November will be a month like no other for San Diego’s southernmost neighborhoods, City Council President Ben Hueso told me in an interview today.

Hueso, who represents those neighborhoods, was defending his hiring of three former campaign workers for the final month of his term in office. The three worked or volunteered for Hueso’s successful bid for state assembly or Hueso brother Felipe’s failed City Council campaign.

“We’re going to do more in this month than the next office will do in the next year,” Hueso said. “They’re going to be taking credit for the work that I get accomplished this month. They’re going to be out at the groundbreakings taking credit for the work that we’re going to do. That’s a fact.”

The three workers, who aren’t replacing anyone on Hueso’s staff and hadn’t taken leave of absences from city offices to work on the campaigns, will each make $2,308 every two weeks. Should they finish out Hueso’s term through Dec. 6, they will cost more than $13,000.

Hueso pointed to savings in his office budget since he was elected — his office later produced a document showing more than $150,000 in savings over the last four years — to justify the hires.

The three employees, Christopher Duggan, Jacob O’Neill and Willie Rells, will be working on the cross-border airport terminal, development projects and archiving, Hueso’s spokeswoman said.

Still, Hueso said the extra employees wouldn’t have been necessary had his brother defeated Councilman-elect David Alvarez.

“If my brother had won,” Hueso said, “we wouldn’t have to be pushing these last-minute efforts to make sure these projects get done.”

Both Duggan and O’Neill are owed money from Hueso and his brother’s campaigns. According to the latest campaign disclosures, Duggan is owed $2,000 from Ben Hueso’s state assembly race. O’Neill is owed $1,029.65 from Felipe Hueso’s council campaign.

I asked Ben Hueso if either would be forgiving their debts.

“Of course not,” Hueso said. “That would be illegal.”

None of the three Hueso staffers could be reached for comment.

Hueso directed more criticism toward Alvarez, saying the incoming councilman’s staff was all going to be “campaign staff with zero experience in City Hall.”

Alvarez said he didn’t want to address Hueso’s criticisms directly. He noted, however, that he plans to hire Travis Knowles, his campaign manager and a former staffer with Councilman Todd Gloria as his chief of staff. Alvarez also said he plans to hire outgoing City Councilwoman Donna Frye’s spokesman and at least two others with government experience to work in his office.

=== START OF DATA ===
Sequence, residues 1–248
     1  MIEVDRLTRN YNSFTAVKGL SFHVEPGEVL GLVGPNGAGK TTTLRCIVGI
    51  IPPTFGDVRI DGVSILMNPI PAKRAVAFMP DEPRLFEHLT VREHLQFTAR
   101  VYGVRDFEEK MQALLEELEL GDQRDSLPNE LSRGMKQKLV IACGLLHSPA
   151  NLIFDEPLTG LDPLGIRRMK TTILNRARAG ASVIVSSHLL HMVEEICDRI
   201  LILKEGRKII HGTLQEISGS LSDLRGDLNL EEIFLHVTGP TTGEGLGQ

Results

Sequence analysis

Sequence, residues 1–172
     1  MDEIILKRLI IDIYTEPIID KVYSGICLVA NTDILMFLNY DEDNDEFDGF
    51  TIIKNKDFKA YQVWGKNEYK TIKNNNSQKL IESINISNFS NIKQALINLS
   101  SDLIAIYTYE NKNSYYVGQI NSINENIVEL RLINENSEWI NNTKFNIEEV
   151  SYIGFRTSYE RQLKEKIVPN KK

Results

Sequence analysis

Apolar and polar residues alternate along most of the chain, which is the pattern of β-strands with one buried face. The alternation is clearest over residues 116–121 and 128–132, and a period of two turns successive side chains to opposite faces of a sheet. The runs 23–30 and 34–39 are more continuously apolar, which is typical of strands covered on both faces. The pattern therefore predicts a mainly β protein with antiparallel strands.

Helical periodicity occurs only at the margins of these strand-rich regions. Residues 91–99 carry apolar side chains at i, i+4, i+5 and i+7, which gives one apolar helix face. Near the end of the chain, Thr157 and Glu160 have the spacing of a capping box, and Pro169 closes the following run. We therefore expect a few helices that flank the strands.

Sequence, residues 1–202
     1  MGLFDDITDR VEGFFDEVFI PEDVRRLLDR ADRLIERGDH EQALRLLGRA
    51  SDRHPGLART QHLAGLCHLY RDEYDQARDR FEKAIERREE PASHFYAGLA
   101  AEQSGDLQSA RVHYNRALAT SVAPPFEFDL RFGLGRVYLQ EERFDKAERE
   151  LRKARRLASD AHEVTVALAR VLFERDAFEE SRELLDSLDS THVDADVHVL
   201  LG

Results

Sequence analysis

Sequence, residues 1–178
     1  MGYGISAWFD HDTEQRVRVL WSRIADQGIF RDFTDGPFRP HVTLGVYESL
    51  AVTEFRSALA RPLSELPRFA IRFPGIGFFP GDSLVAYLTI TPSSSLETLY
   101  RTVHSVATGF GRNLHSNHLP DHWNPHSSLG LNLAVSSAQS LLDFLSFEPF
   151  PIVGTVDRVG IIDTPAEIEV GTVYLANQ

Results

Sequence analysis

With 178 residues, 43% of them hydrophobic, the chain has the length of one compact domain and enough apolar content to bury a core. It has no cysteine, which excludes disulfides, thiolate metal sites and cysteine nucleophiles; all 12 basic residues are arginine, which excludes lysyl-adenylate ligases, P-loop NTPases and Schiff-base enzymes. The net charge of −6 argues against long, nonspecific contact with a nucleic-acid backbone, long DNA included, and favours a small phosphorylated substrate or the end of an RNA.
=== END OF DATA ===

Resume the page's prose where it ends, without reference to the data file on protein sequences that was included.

Frye, who’s leaving office at the same time as Hueso, said she lost two staff members recently and won’t be replacing them. She didn’t think it was appropriate to hire new people to work for a month.

“The work of a council member is to serve the public,” Frye said. “You don’t serve the public by spending all the budget before the next councilmember gets there.”

When I told Hueso about Frye’s comments, he lashed out at her.

“Donna has never in 10 years here promoted a project, ever,” he said. “Nothing has ever come from her office. She waits for things to be put before her on the council and she comments on them. You can’t compare me with Donna. My district needs things. We need jobs. We need housing.”

(Frye declined to respond through her chief of staff.)

Bob Stern, president of the Los Angeles-based Center for Governmental Studies political watchdog group, said Hueso’s hiring of the campaign staffers was “a PR black eye for the City Council and the council president.”

“This is why people have no confidence in government,” Stern said via email. “Politicians think they can do anything they want as long as it is legal (and hope that no one catches them doing it.) At a time when every dollar is important, it is amazing that the City Council president would leave office on such a sour note.”

But Hueso contended he’ll be leaving office on a high note. I asked him if he understood why hiring the new workers might look bad, he replied:

“If it looks the way it looks, or it looks the way you’re going to represent it, then that’s just something I have to live with. But the people in my district come first and I have promises to keep. I intend to keep them. We have a lot of work to do this month and nobody’s slacking off. Everybody here is working very hard every day. You’re welcome to come see us in action.”

Correction: The story initially incorrectly reported the cost of Hueso’s staffers through the end of his term. We regret the error.

Please contact Liam Dillon directly at or 619.550.5663 and follow him on Twitter:

Liam Dillon was formerly a senior reporter and assistant editor for Voice of San Diego. He led VOSD’s investigations and wrote about how regular people...

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